Annie Lennox Calls Beyoncé’s Feminism “Tokenistic”
In an interview with Pride Source magazine, Annie Lennox said that Beyoncé’s feminism is “tokenistic” and not genuine, going on to say the following about the recent rash of celebrities who are declaring themselves feminists:
“I’d like to sit down (with her). I think I’d like to sit down with quite a few artists and talk to them. I’d like to listen to them; I’d like to hear what they truly think.
I see a lot of it as them taking the word hostage and using it to promote themselves, but I don’t think they necessarily represent wholeheartedly the depths of feminism — no, I don’t. I think for many it’s very convenient and it looks great and it looks radical, but I have some issues with it. I have issues with it. Of course I do. I think it’s a cheap shot.”
This reads to me a lot like Mommy Feminist wanting to have a sit-down with widdle ignorant baby faux-feminist, no? What is “the depths of feminism”? Why is Annie Lennox’s feminism deeper than Beyoncé’s?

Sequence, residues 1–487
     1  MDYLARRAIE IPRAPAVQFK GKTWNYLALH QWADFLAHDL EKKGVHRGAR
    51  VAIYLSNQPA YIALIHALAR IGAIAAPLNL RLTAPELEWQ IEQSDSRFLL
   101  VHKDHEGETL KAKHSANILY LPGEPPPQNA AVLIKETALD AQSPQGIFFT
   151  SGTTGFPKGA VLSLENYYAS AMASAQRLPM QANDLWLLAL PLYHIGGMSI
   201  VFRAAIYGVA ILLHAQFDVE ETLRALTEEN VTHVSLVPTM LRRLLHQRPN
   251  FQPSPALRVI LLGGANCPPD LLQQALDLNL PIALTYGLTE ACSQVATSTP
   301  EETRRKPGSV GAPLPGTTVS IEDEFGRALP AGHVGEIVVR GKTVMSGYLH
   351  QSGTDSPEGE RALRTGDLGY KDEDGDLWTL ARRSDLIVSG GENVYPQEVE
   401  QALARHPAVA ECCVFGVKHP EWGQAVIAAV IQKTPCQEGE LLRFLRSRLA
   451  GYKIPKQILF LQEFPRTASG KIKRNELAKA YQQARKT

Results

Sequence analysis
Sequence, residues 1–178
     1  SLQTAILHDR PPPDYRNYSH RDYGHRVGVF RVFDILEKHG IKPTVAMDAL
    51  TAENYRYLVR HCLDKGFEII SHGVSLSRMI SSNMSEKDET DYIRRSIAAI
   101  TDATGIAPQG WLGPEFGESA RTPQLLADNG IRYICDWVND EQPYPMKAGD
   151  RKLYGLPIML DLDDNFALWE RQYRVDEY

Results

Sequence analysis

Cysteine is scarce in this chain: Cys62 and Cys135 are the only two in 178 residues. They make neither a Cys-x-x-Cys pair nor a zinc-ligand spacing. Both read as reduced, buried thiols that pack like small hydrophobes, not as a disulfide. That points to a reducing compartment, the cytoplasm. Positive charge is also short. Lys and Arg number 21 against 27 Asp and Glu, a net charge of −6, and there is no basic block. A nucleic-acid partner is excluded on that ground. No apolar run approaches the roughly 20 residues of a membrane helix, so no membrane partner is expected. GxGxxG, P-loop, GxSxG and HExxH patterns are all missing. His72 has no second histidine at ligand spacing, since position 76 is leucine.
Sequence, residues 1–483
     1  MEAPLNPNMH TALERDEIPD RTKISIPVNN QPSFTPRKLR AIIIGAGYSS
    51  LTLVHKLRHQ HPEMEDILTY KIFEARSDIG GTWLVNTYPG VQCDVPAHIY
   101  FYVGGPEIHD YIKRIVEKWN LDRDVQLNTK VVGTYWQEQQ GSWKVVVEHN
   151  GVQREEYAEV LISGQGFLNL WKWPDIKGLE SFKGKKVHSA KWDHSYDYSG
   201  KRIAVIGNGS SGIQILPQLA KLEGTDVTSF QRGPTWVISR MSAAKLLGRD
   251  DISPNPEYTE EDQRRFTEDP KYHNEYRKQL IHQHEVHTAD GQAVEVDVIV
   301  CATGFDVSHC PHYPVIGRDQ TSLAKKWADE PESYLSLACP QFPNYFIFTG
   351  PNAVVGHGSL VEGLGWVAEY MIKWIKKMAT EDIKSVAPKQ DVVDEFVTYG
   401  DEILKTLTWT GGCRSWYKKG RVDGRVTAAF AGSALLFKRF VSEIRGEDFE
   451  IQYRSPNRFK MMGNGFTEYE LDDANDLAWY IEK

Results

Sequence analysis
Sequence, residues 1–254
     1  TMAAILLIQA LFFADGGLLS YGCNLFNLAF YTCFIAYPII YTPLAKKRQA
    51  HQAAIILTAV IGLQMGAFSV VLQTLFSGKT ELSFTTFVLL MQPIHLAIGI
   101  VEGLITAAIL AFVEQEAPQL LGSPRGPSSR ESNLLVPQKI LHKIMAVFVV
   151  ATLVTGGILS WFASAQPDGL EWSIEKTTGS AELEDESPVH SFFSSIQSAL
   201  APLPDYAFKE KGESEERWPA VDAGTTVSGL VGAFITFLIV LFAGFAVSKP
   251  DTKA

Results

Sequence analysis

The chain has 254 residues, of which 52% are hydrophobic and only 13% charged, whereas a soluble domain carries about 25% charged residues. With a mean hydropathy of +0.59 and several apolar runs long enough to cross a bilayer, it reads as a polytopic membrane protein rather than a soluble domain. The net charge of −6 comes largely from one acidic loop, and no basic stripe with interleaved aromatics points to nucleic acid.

Lennox also criticized Beyoncé for the aggressive sexuality in her lyrics with the standard “what about the children?” nonsense (every musician has young fans) and the standard “sex sells” nonsense, as if the only reason a woman artist would ever talk about sex in a frank way would be to sell records, not because it’s a normal part of her life, not because she could be taking a principled stand by publicly embracing her sexuality. It also completely blows past any recognition that prior to her latest self-titled album Beyoncé, Bey had rarely overtly sexualized herself in her lyrics — she had alluded to sex, had recognized her own sexual attractiveness, but hadn’t gone so far as to talk about premature ejaculation in a limousine. Lennox’s argument also fails to contextualize that sexuality within Beyoncé’s monogamous relationship, look at what that context means, and especially what it means within the reality that Beyoncé is a black woman in America. Calling Beyoncé’s feminism “tokenistic” is also troubling, given the history of the word “token” in American racial discourse.
But, you know, Lennox’s own feminism is so deep. OK.
[Image via PrideSource]
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